"Therefore, my brothers, I want you to know that through Jesus the forgiveness of sins is proclaimed to you. Through him everyone who believes is justified from everything you could not be justified from by the law of Moses." (Acts 13:38-39)
Who is it that receives justification and forgiveness of sins? Everyone who believes. Baptism is not mentioned at all in this passage. Here's another one:
"When the Gentiles heard this, they were glad and honored the word of the Lord; and all who were appointed for eternal life believed." (Acts 13:48)
What did they do? They believed. Now, here is a passage in which a man specifically asked how to become saved:
""Sirs, what must I do to be saved?" They replied, "Believe in the Lord Jesus, and you will be saved --you and your household."" (Acts 16:30-31)
The apostle Paul and Silas were specifically asked what must be done in order to receive salvation. Notice that they did not mention baptism at all. They specifically said that we must believe in the Lord Jesus and we will be saved. The apostle Paul said essentially the same thing in the following verse:
"You know that I have not hesitated to preach anything that would be helpful to you but have taught you publicly and from house to house. I have declared to both Jews and Greeks that they must turn to God in repentance and have faith in our Lord Jesus." (Acts 20:20-21)
What did Paul preach and teach? That we must turn to God in repentance and have faith in Jesus. He said nothing at all here about being baptized for salvation. In another passage Paul repeated the fact that we receive salvation by faith:
"I am not ashamed of the gospel, because it is the power of God for the salvation of everyone who believes: first for the Jew, then for the Gentile." (Romans 1:16)
Paul said that the Gospel is the power of God for the salvation of everyone who believes, yet baptism is not a part of the Gospel message! (See Part One). Paul went on to say that we receive righteousness by faith:
"For in the gospel a righteousness from God is revealed, a righteousness that is by faith from first to last, just as it is written: "The righteous will live by faith."" (Romans 1:17)
How did Paul say that we receive righteousness? By faith. Paul said nothing about baptism here. Once again Paul repeated the fact that righteousness comes through faith to all who believe:
"This righteousness from God comes through faith in Jesus Christ to all who believe." (Romans 3:22)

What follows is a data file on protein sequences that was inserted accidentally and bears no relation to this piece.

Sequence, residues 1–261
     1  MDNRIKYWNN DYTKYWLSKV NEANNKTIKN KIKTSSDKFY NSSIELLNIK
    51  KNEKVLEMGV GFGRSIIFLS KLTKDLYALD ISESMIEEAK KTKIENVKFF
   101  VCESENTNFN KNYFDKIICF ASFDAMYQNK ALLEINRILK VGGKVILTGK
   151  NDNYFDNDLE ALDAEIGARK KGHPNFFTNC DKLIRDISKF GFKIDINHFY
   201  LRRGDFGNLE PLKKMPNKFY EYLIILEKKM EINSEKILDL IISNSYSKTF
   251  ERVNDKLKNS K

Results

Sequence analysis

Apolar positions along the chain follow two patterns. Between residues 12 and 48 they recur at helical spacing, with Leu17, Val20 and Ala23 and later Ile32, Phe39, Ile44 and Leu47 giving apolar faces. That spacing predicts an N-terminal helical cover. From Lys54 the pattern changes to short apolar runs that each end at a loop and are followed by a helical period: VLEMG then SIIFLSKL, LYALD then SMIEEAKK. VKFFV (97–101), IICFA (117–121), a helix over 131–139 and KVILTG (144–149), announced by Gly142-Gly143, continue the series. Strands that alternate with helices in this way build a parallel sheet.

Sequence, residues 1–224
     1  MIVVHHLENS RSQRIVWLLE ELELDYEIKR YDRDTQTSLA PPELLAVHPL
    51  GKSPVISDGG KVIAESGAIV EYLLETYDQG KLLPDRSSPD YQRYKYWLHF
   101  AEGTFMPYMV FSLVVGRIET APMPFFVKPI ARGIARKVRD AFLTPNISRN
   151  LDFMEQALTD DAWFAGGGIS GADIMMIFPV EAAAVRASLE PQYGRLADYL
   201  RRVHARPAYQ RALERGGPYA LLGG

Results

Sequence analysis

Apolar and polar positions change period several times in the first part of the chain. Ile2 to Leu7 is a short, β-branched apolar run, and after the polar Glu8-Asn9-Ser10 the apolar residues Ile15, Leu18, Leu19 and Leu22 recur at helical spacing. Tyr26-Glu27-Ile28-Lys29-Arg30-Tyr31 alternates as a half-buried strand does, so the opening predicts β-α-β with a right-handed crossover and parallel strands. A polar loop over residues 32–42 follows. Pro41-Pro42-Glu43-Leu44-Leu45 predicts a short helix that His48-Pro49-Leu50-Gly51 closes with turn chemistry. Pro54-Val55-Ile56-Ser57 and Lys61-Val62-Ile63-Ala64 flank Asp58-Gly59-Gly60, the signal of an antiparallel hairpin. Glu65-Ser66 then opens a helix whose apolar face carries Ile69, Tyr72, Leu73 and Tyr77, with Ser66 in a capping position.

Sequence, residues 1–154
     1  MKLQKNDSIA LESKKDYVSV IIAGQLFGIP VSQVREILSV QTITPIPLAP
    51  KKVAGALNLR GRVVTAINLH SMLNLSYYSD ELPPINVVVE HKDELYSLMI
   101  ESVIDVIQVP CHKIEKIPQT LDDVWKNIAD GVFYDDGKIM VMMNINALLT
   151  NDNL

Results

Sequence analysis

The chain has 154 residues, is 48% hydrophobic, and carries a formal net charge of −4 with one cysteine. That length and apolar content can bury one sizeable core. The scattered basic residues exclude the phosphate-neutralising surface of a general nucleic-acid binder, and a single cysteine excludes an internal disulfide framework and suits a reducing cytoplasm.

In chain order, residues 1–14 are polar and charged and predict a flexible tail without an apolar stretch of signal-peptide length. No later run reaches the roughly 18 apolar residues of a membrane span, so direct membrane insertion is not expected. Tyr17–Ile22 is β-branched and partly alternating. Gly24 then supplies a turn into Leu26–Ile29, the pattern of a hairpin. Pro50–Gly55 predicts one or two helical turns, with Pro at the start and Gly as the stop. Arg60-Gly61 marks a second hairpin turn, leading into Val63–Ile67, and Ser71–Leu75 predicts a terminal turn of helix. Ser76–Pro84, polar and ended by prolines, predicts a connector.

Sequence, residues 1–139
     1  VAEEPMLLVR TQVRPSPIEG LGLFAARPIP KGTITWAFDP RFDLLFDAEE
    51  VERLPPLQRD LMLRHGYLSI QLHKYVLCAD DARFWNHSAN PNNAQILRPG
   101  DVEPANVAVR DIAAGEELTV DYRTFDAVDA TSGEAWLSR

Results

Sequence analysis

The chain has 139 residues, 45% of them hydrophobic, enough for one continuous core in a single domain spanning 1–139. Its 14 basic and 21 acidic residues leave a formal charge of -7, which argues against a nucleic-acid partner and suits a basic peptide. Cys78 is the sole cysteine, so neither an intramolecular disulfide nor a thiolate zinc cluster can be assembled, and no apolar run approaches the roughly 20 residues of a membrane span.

Again, there is no mention of baptism here, only faith. Here's another one:
"God presented him as a sacrifice of atonement, through faith in his blood. He did this to demonstrate his justice, because in his forbearance he had left the sins committed beforehand unpunished-- he did it to demonstrate his justice at the present time, so as to be just and the one who justifies those who have faith in Jesus." (Romans 3:25-26)
Notice how we appropriate Christ's atonement: Through faith in His blood. Notice how we receive justification: Through faith in Jesus. Once again there is no mention of baptism here. In fact, just two verses later the apostle Paul repeated the fact that we are justified by faith:
"For we maintain that a man is justified by faith apart from observing the law." (Romans 3:28)
How are we justified? By faith. Paul didn't say that we are justified by faith and baptism. One chapter later, Paul repeated this fact once again:
"However, to the man who does not work but trusts God who justifies the wicked, his faith is credited as righteousness." (Romans 4:5)
What type of works (circumcision, baptism, etc. - see the context of this verse) need to be done in order to be justified? None, we simply need to trust God. How are we credited with righteousness? By our faith, and notice that baptism is not mentioned at all here. Several verses later, Paul said the same thing:
"And he [Abraham] received the sign of circumcision, a seal of the righteousness that he had by faith while he was still uncircumcised. So then, he is the father of all who believe but have not been circumcised, in order that righteousness might be credited to them." (Romans 4:11)
Why was Abraham credited with righteousness? Because of his faith. How did the apostle Paul say that we have righteousness credited to us? By believing. Baptism is not listed as a requirement here. Two verses later, Paul repeated this fact:
"It was not through law that Abraham and his offspring received the promise that he would be heir of the world, but through the righteousness that comes by faith." (Romans 4:13)